U.S. President Barack Obama again encouraged Americans to be “guided by the facts, not fear” in their assessments of Ebola virus disease as he discussed the first confirmed case in New York and the national response by the Centers for Disease Control and Prevention in his weekly address Saturday. Obama also mentioned the recoveries of Ashoka Mukpo and Nina Pham, who both tested negative for Ebola this week, and stressed the difficulty of contracting the virus.
The first Ebola patient in New York, Dr. Craig Spencer, tested positive for the virus Thursday. The physician, who treated patients in West Africa, went bowling in Brooklyn after he returned but before he developed a fever. Obama praised the response of New York and its residents during his weekly address. At the federal level, CDC officials were dispatched to the hospital treating Spencer, as was the agency’s rapid-response team.
“In New York City, medical personnel moved quickly to isolate and care for the patient there -- a doctor who recently returned from West Africa. The city and state of New York have strong public-health systems, and they’ve been preparing for this possibility,” Obama said. He applauded the “spirit” of New Yorkers in the wake of the news about the city’s first confirmed case of Ebola. “Yesterday, New Yorkers showed us the way. They did what they do every day: jumping on buses, riding the subway, crowding into elevators, heading into work, gathering in parks. That spirit -- that determination to carry on -- is part of what makes New York one of the great cities in the world,” the president said.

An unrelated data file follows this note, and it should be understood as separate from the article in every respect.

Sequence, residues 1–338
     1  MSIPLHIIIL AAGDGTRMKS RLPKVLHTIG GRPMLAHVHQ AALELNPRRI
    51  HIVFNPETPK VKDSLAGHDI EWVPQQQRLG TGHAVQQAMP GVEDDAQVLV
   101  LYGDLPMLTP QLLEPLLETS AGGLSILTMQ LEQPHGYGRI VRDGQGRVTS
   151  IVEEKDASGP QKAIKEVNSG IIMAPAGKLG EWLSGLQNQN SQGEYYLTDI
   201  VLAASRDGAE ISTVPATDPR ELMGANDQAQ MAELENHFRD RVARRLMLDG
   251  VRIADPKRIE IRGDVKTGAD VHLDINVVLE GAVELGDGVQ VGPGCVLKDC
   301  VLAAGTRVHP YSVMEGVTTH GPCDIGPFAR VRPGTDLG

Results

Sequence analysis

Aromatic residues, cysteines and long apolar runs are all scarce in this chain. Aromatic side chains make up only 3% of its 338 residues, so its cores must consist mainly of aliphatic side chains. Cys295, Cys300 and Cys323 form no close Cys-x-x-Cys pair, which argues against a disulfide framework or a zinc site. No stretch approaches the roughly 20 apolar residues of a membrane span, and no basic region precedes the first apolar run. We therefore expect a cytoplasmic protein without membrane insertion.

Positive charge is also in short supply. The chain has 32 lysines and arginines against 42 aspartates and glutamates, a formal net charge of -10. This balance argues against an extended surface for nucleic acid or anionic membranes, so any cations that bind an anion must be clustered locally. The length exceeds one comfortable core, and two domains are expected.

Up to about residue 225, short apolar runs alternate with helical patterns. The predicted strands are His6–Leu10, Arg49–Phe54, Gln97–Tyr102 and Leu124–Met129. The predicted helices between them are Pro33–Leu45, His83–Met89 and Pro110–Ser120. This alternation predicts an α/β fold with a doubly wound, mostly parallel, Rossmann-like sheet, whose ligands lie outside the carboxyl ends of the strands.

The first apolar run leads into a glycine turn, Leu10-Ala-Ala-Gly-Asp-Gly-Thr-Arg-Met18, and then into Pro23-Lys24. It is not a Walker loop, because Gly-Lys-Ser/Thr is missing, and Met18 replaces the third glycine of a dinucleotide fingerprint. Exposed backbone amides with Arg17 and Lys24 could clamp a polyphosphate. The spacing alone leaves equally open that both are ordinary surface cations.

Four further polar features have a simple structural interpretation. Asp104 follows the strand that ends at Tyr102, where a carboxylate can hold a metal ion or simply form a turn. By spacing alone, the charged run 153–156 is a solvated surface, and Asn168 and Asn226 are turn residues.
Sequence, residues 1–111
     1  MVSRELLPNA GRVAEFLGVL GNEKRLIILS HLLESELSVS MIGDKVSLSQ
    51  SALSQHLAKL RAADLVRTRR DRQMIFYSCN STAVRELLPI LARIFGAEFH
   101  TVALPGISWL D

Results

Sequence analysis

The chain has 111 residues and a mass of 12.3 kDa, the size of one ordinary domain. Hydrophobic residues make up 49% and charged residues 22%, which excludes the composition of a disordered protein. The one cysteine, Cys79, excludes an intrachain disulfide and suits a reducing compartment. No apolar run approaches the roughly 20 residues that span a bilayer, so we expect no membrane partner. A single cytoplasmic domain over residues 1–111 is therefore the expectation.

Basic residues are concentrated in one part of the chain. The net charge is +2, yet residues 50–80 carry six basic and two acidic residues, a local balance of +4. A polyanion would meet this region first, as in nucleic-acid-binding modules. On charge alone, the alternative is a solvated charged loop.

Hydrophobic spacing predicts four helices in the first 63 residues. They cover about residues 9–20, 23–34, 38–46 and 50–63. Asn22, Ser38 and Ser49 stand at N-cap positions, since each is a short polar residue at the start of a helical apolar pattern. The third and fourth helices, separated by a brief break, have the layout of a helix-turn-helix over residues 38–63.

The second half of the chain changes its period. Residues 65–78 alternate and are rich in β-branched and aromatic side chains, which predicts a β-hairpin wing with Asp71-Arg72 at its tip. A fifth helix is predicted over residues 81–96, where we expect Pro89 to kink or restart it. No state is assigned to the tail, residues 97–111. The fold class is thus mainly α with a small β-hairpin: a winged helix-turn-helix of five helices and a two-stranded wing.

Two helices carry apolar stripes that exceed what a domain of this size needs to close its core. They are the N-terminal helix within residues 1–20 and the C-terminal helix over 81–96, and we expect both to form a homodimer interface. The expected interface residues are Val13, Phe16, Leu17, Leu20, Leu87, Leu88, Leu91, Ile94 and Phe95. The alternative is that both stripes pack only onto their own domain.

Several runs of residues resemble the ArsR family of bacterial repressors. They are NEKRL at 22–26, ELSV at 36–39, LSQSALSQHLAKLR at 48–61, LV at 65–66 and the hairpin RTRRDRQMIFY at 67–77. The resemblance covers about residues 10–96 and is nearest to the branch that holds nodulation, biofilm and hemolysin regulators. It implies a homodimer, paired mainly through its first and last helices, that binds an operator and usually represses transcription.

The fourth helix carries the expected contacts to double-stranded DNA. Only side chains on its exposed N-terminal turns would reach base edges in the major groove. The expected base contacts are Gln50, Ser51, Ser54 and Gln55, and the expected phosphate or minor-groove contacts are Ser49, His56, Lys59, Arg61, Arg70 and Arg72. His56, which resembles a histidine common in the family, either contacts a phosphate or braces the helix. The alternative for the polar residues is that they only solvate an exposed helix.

Obama also covered new CDC guidelines and protocols to better prepare hospitals ahead of possible Ebola cases and the creation of a corps of medical staff under the auspices of the Pentagon.
In addition, the president discussed the latest airport procedures adopted to help keep Ebola in check. Complement the screening programs already in place in five airports, travelers from West Africa must now self-monitor their temperature for 21 days. “New travel measures are now directing all travelers from the three affected countries in West Africa into five U.S. airports where we’re conducting additional screening. Starting this week, these travelers will be required to report their temperatures and any symptoms on a daily basis -- for 21 days until we’re confident they don’t have Ebola,” he said.
However, Obama did not discuss the mandatory quarantines of so-called high-risk travelers announced by New Jersey Gov. Chris Christie and New York Gov. Andrew Cuomo Friday.
Meanwhile, the president reiterated how difficult it is to contract Ebola, citing as evidence the people who lived with Thomas Eric Duncan, the patient whose case of the disease was the first diagnosed in the U.S., and hundreds of potential contacts with him and others who were cleared after 21-day monitoring periods. Duncan died of the disease Oct. 8.
“We have to be guided by the science -- we have to be guided by the facts, not fear,” Obama said, echoing a refrain sounded in his weekly address Oct. 18.